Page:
Parts of the Midwest have been relatively cool and wet and as a result we have seen a lot of Microdochium patch in our diagnostic clinic. If the weather remains cool and wet than Microdochium patch can become fairly severe and may warrant a fungicide application. There are many fungicides that work well curatively against Microdochium patch. For more specific information please consult our webpage: http://www.plantpath.wisc.edu/tdl/. At our webpage you can access our research reports, from which you can see what chemicals performed well in our snow mold trials this spring.
A few courses in Wisconsin have reported some minor leaf spot symptoms on creeping bentgrass. After talking with the superintendents, the symptoms were not severe enough to justify a fungicide application. Many superintendents throughout the Upper Midwest are still dealing with winter injury of Poa annua. One particular superintendent has implemented a fairly aggressive cultural program to encourage re-growth. He has aerified and dimple tined greens, along with a fairly heavy fertilization and a light topdressing. He has seen significant improvements and is well on the road to recovery.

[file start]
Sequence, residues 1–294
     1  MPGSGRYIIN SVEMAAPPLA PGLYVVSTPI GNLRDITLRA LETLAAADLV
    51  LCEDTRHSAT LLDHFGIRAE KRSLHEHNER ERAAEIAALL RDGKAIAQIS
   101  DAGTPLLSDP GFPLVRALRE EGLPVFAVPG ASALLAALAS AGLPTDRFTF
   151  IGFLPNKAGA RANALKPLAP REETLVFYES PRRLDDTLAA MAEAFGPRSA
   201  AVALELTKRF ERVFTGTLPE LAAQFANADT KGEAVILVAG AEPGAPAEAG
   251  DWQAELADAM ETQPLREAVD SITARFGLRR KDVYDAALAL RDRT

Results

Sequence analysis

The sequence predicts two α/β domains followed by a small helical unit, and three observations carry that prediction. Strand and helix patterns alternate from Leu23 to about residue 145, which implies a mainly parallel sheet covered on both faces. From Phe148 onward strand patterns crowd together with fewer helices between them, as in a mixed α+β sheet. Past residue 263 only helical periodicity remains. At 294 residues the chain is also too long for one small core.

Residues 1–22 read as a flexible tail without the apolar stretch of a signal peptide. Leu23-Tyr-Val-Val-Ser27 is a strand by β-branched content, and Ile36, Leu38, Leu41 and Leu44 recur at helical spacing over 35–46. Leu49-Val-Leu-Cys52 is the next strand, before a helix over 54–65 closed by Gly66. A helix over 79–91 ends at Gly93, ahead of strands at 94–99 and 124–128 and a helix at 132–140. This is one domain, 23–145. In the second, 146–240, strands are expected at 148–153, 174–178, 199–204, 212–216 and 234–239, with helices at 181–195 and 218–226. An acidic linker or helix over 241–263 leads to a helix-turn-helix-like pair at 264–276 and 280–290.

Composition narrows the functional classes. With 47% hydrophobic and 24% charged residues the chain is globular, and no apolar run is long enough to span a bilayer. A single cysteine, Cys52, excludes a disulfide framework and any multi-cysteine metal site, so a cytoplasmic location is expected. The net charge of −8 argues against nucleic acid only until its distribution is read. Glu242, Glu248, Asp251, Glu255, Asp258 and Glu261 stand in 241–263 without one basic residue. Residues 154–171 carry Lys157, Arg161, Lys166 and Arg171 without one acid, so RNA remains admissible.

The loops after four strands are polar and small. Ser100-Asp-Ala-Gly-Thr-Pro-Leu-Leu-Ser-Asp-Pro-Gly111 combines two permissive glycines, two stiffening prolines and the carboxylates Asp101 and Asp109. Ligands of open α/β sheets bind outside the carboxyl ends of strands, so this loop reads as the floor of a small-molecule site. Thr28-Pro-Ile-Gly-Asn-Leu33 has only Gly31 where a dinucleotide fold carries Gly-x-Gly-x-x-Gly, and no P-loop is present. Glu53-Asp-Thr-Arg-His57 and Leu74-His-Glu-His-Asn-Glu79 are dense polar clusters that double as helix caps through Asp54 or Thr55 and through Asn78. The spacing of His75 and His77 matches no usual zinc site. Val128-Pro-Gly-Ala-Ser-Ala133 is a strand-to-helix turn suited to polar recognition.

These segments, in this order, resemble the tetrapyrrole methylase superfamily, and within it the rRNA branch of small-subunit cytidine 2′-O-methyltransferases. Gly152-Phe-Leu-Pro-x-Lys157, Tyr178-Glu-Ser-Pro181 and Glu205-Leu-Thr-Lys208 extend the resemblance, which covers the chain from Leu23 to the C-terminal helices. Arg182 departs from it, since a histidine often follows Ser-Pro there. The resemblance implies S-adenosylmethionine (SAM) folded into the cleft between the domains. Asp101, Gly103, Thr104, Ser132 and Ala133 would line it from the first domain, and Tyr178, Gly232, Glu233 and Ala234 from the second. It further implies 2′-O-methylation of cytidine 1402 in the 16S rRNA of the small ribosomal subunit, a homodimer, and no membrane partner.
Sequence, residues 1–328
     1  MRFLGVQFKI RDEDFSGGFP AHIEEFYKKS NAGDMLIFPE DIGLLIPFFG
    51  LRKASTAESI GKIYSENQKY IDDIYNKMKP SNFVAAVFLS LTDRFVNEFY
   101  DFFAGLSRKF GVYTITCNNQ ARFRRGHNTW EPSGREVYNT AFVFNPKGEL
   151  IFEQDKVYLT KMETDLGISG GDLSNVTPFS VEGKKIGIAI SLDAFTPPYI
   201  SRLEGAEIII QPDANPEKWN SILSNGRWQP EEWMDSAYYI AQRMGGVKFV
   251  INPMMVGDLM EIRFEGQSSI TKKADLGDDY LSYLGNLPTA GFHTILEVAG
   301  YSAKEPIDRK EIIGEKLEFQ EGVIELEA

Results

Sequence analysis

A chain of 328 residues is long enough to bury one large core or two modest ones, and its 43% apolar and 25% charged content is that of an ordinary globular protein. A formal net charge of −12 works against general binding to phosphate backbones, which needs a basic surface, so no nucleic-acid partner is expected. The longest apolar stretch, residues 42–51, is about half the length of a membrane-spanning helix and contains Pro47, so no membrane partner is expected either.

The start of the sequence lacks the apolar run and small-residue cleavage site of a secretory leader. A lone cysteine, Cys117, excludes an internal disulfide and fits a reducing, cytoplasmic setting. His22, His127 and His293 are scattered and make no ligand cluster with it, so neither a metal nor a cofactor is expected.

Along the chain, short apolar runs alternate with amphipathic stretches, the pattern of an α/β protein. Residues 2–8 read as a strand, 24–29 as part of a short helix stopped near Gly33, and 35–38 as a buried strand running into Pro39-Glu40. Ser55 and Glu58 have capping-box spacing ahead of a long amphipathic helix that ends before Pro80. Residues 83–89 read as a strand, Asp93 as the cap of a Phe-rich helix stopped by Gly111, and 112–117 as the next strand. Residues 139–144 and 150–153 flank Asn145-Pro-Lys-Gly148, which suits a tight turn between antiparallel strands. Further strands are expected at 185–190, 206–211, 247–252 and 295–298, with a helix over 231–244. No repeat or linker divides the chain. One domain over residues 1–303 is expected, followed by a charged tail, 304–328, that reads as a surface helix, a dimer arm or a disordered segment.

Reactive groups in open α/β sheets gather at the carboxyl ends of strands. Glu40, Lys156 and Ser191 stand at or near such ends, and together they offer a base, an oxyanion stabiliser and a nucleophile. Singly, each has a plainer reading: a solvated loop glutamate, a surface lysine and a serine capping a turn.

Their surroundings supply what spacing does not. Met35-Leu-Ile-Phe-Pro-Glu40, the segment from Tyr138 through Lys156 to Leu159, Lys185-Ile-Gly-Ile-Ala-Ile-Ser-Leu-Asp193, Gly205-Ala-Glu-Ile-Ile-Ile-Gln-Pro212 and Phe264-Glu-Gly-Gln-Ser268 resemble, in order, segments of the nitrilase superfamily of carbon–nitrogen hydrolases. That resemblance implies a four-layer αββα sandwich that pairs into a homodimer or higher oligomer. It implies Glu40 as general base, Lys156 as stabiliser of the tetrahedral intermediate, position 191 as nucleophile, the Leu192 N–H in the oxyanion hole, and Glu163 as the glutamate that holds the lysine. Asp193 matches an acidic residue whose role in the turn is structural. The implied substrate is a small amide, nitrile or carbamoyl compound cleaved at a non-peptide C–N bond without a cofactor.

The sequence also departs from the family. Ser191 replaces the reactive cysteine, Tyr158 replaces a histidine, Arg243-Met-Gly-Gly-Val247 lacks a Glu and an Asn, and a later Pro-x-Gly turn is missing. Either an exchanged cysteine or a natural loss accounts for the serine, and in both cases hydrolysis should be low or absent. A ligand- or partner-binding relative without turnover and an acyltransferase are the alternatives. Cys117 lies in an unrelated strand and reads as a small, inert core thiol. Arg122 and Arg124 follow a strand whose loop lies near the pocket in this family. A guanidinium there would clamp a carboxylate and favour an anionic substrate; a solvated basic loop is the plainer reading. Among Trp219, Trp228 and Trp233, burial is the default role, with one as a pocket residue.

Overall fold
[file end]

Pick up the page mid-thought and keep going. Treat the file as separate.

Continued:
Finally, Derek Settle at the Chicago District Golf Association has observed brown ring patch at several locations in the Chicago land area. Outside of Derek’s report, we have not heard reports of brown ring patch anywhere else in the Midwest yet. If you are struggling with brown ring patch or suspect you may have this disease please feel free to contact us. You can find our contact information on the website posted above.